4 Safety Tips To Keep Your Kids Safe This Halloween
Posted Nov 20 2009 10:04pm
Written By: Dr. Wegmann
Halloween is traditionally a night where kids dress up and go door-to-door asking for treats. Originally Halloween started as a religious holiday called “All Saints’ Day”. Today Halloween is vaguely defined and not tied tightly to any particular religion. Regardless of your religious upbringing or participation in Halloween, keeping our kids safe on Halloween is very important. At it’s least Halloween is devoted to pranks played by kids; at it’s worse Halloween can become dangerous.
Following are a few tips to help your little goblins steer clear of danger.
1. Find an alternative to traditional trick-or-treating.
Traditional trick-or-treating is going door to door and asking strangers for candy. This is obviously the most popular tradition associated with Halloween.
Contact your local nursing home and find out if they are sponsoring a local trick-or-treat night. This has some major benefits. First it puts a smile on the faces of people who don’t have a lot of outside interaction, second is safer, and third if it’s raining you will not get wet.
Another incredible and safe alternative is to get involved with a trunk-or-treat. What? Never heard of a trunk-or-treat? Read on…
First, make sure your church is on board with this. Some churches have Reformation parties, others have autumn events or a Fall Festival. As I said, I had never heard of Trunk or Treat before and can only assume it is a regional phenomenon–at the very least it has yet to hit the St. Louis area where I grew up.
Second, you will want to get enough trunks (cars) to make at least two aisles of cars in your parking lot. This will depend on the size of your parking lot, but I found that 6 or 7 cars in two aisles facing one another makes for a smoother operation. It keeps the children on your premises a bit longer and allows you to speak more with them and their families.
Third, provide hot dogs, chips and drinks. This is an extremely cost-effective way to keep the families around that much longer to be able to evangelize, invite and minister to them.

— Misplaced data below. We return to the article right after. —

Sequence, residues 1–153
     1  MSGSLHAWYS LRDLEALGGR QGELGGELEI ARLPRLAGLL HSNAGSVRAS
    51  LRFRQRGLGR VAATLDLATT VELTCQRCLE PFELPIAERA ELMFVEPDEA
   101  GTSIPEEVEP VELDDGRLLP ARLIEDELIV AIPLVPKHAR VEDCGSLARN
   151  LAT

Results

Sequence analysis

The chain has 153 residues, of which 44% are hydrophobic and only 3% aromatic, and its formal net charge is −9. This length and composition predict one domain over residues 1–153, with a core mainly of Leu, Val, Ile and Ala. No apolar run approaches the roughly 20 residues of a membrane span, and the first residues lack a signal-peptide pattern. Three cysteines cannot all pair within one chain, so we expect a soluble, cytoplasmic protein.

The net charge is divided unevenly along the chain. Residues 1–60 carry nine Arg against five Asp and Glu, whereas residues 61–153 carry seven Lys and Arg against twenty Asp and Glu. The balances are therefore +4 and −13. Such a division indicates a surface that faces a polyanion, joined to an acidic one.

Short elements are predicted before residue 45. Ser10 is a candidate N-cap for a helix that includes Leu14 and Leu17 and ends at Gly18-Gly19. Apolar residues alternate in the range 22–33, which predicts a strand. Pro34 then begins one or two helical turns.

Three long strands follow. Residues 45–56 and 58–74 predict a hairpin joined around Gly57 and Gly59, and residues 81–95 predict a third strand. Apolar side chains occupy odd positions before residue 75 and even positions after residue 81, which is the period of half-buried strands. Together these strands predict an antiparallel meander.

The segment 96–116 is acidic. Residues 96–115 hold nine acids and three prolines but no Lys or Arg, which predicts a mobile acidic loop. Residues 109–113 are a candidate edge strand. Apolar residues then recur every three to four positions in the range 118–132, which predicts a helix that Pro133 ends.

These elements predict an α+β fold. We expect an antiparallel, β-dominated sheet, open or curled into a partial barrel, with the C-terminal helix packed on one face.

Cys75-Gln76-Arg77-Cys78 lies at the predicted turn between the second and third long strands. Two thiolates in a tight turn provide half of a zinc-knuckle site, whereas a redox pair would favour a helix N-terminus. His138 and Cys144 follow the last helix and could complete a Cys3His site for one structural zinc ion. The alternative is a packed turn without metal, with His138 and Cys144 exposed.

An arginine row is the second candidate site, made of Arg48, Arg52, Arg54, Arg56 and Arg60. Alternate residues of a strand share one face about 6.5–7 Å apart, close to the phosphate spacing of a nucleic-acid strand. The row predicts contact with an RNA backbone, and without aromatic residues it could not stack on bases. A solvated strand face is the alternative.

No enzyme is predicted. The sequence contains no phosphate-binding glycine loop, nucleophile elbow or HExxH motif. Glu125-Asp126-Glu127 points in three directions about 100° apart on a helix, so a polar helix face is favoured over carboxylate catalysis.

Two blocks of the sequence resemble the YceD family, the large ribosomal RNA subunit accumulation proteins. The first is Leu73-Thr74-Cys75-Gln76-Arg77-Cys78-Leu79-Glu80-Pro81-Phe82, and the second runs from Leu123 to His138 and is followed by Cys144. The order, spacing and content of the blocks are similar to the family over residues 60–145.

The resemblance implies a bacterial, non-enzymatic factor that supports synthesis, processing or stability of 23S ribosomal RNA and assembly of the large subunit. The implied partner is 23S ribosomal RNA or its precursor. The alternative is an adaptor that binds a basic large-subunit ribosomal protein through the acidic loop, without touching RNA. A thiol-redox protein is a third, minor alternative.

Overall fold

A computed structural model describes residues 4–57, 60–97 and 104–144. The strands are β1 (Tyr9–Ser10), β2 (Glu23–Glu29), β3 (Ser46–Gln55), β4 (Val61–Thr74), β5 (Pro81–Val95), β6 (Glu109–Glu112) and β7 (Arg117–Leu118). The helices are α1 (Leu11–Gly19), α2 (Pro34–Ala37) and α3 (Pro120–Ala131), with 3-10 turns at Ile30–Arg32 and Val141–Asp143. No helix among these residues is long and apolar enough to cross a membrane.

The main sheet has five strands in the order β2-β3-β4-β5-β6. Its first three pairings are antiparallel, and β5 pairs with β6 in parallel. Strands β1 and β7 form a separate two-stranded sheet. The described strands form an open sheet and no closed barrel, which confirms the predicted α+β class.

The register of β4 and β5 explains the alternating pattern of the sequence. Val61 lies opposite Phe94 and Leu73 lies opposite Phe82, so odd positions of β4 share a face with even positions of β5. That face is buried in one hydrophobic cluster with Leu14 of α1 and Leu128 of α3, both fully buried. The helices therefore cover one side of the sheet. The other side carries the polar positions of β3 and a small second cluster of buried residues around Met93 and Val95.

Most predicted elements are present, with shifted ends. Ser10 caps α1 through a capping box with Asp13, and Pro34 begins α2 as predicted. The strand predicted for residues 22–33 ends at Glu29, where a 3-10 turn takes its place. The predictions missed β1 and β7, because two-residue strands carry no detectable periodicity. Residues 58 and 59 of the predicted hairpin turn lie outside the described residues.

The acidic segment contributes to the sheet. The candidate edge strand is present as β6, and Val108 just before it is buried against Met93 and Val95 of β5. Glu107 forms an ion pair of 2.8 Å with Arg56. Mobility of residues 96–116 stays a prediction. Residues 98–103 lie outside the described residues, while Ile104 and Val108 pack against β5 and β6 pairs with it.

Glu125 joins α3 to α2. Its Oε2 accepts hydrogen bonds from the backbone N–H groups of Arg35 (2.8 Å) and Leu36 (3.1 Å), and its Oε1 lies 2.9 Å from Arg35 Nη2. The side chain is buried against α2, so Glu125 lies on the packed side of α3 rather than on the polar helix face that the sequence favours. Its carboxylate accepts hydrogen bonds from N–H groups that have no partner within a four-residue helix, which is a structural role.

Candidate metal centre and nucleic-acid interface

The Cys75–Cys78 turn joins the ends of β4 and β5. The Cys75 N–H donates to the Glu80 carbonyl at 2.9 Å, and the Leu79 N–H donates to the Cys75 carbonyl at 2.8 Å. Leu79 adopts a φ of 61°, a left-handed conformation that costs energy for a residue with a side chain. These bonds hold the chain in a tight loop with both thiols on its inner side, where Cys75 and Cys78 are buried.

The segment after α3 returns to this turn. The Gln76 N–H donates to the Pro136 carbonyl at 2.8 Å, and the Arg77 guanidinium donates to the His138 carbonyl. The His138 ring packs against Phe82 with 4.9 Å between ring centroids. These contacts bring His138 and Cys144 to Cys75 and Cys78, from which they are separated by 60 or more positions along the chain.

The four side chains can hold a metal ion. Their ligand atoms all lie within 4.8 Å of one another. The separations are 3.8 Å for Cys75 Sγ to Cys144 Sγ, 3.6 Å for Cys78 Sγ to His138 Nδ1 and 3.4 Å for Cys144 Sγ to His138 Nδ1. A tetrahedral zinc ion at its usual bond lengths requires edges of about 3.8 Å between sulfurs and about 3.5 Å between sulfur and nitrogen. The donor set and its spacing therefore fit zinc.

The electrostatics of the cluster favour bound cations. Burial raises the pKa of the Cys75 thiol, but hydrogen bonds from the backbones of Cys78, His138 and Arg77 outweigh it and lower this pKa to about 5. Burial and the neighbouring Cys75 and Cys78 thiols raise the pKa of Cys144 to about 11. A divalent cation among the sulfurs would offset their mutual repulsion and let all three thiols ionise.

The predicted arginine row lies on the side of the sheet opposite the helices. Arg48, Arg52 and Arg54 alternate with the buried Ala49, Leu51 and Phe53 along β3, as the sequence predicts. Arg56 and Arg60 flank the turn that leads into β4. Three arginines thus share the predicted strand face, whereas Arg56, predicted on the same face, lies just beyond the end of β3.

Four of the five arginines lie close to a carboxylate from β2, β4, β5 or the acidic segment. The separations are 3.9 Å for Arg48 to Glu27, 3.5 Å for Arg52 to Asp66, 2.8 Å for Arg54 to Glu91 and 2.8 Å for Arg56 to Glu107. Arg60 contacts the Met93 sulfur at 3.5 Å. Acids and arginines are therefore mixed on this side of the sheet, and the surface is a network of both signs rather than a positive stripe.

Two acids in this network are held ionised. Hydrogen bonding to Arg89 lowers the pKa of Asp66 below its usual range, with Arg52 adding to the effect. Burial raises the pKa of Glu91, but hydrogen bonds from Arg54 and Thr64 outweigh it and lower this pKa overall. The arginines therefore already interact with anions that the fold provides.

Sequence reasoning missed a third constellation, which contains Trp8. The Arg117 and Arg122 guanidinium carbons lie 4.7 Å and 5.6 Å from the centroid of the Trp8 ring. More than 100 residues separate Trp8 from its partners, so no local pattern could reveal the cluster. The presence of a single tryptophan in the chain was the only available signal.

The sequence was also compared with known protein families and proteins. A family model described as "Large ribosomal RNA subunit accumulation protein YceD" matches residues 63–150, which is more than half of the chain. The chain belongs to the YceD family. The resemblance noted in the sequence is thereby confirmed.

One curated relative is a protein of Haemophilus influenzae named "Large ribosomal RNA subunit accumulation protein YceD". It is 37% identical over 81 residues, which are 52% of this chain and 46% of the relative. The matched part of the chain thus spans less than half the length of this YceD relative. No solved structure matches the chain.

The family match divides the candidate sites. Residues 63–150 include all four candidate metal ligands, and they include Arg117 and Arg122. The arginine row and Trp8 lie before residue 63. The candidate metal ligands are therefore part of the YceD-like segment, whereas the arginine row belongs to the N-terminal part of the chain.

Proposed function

Fourth, have some games to play. They do not need to be big or involved games. The kids just need to be able to win more candy. You can also hand out gospel tracts as part of their winnings. Make sure that everyone wins every time!
Fifth, and finally, rent a bounce house. Inevitably, the church children are going to get bored. This will give them something to do during the festivities. The children from the community will not want to stick around too long because they want to hit as many houses as possible.
Be sure you have enough candy and make certain you have fun while doing this. Have fun and redeem the time for the Lord!
We were invited to a trunk-or-treat this year and plan on bringing our kids to one.
2. If you and your child(ren) are out at night make sure if your child is wearing a mask they have enough peripheral vision to see. When kids get excited they sometimes don’t make good choices. This means they could see friends across the street and dart out without thinking or seeing a car coming. Make sure you discuss this issue and cross streets only at the intersections.
3. Never let your child go alone. Go prepared. For less than the cost of a Disney DVD you can purchase the Motorola MicroTalk two-way radios. These have a radius of about 1000-2000 feet and can be used to check locations and communicate if there is a problem. They are fun and clip on to the kids clothing. If you get separated or lost this could help immensely. Second, everyone in your party should have a flashlight. This helps you navigate at night and makes you more visible to motorist driving around, picking up and dropping off kids.
4. Parents should check all treats, visibly inspecting candy for alterations and questionable packaging. A good way to weed through the candy is to toss all candy that is not sealed from the factory. Also limit the amount of candy a child eats in one night. If you get tons of candy share it with friends who may not have had a chance to got out for Halloween.